# Why is propositional logic not Turing complete?

According to 1 (probably not the most relevant source), propositional logic is not Turing complete. Aren't all computations in computers performed using logic gates, which can be represented as logical operators, though? Is it maybe because logic has no memory while a Turing machine does? What kind of computations is propositional logic unable to perform?

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Physical computers are not Turing complete either, actually: they only have finite memory, unlike a Turing machine. – Zhen Lin Apr 1 '13 at 19:14
I've heard about this, but they can be considered to be Turing complete for practical purposes, correct? In that they can perform any computation that a Turing machine can up to a memory limit. – Hypercube Apr 1 '13 at 19:17
Yes, but Turing completeness is a theoretical condition, not a practical one. For instance, taking a literal reading of the definitions, the halting problem is decidable for any (idealised) physical computer, because it is a finite state machine! – Zhen Lin Apr 1 '13 at 20:10
IHMO I think that Tunring's model of computation did not required infinite memory. As far as I remember The original paper talks about "unbounded" tape (see eprints.gla.ac.uk/4481/1/4481.pdf?ref=Sex%C5%9Ehop.Com page 3 for a discussion). This means that the length of the tape is unknown a priory but not infinite. – JuanPi May 31 '14 at 22:49

Aren't all computations in computers performed using logic gates, which can be represented as logical operators, though?

Using logic gates with feedback. Using only propositional logic it's impossible to express arbitrary repetition, i.e., using the same subformula multiple times. In programming terms, this means no loops, recursion, jumps, or anything similar. Memory is also an issue, but without a means of repetition even with some notion of unbounded memory you'd only be able to use a fixed amount of it.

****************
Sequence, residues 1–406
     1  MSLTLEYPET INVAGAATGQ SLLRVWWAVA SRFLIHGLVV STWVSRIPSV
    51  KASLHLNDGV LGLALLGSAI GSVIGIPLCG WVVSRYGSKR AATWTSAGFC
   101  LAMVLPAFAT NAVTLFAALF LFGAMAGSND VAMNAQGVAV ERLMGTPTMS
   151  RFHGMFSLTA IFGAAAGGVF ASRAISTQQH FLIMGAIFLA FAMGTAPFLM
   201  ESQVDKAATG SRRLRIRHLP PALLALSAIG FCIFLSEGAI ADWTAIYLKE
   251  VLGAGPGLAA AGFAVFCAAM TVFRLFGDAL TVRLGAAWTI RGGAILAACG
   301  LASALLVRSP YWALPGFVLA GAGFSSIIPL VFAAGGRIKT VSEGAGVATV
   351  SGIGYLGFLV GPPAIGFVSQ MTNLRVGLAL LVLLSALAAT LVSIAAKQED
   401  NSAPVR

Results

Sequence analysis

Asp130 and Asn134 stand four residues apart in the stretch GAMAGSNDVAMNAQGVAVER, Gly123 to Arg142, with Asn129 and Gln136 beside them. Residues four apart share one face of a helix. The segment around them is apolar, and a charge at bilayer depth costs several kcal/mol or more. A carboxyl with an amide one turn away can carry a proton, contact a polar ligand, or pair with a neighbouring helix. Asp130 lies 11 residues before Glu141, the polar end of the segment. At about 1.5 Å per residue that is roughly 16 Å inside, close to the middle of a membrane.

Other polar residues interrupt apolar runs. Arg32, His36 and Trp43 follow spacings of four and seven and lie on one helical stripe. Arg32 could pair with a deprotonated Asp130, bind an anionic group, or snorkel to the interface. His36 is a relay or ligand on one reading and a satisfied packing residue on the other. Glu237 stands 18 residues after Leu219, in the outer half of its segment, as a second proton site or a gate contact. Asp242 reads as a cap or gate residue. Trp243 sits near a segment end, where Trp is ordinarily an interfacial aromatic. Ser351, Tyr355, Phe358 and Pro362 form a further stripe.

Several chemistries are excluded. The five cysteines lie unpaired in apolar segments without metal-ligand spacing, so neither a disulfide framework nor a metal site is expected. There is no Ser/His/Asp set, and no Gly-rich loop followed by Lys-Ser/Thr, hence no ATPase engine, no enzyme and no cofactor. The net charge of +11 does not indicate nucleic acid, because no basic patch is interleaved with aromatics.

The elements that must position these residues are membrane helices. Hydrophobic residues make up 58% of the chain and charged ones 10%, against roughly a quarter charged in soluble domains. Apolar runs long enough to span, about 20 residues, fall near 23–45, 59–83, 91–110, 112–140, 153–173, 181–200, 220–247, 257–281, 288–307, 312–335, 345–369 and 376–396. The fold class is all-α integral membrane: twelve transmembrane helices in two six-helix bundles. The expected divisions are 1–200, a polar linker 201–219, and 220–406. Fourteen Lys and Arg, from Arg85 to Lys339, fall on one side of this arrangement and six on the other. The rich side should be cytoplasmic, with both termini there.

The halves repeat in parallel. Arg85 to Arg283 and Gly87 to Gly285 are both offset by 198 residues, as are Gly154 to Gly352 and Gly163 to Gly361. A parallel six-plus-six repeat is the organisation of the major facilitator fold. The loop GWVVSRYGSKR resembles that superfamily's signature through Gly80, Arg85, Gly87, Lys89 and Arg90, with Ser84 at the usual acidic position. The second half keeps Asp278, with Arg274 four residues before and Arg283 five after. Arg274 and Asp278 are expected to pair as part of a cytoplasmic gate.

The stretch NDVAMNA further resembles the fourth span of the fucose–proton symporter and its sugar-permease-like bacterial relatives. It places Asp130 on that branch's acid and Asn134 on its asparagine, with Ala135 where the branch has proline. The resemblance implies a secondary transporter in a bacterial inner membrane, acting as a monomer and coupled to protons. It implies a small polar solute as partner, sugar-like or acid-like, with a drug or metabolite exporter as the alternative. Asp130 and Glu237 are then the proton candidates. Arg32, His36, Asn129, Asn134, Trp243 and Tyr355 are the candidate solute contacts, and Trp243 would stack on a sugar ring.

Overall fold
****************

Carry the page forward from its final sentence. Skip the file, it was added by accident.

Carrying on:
Propositional logic is among the computationally weakest systems that anyone actually cares about, being unable to even express basic arithmetic (i.e., with numbers of arbitrary size, as opposed to the fixed size of something like an 8-bit adder) on its own.

What kind of computations is propositional logic unable to perform?

Most of them!

As far as Turing-completeness goes, that essentially means "the ability to perform computations which we're not sure will ever finish", but there's a huge range of computations that are known to always finish but which propositional logic can't express.

A good example of another (relatively weak) system that people care about is recognizing regular languages. You can't express this in propositional logic because the input size is variable, and even if you set a hard limit on the input size the best you can do in general is to have a formula that computes a massive OR of subformulas to recognize each possible matching string.

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Thank you for the detailed answer. By feedback you mean sequential circuits, right? – Hypercube Apr 1 '13 at 20:25
@Hypercube: I mean circuits where an input to a gate can logically depend on its own output. For example, flip-flops implement simple memory cells using feedback loops. – camccann Apr 1 '13 at 20:52

"Keep searching until you find an example."

(E.g., is there an even number that is not a sum of two primes? It's easy to check in each case, so keep going until you meet one.)

Construe the first sentence above as an instruction in a programming language. It's just that statement that cannot be done in the limited programming language you propose.

One way of defining computability says the computable functions start with the zero function, the successor functions, and the projection functions, and are closed under composition, primitive recursion, and minimalization. The last operation---minimalization---consists of just searching until you find some specified thing and returning as output the number of steps it takes. There's a diagonal argument that shows that the functions you get without including minimalization (called the "primitive recursive functions") fail to include all computable functions. When you add minimalization, you add the risk that the search might run forever. (In the concrete example above, it runs forever if Goldbach's conjecture is true.) So you get some functions that are not everywhere defined. The fact that they're not everywhere defined is just the thing that prevents the same diagonal argument from working on the new class of functions that you get, to show that they also fail to contain everything.

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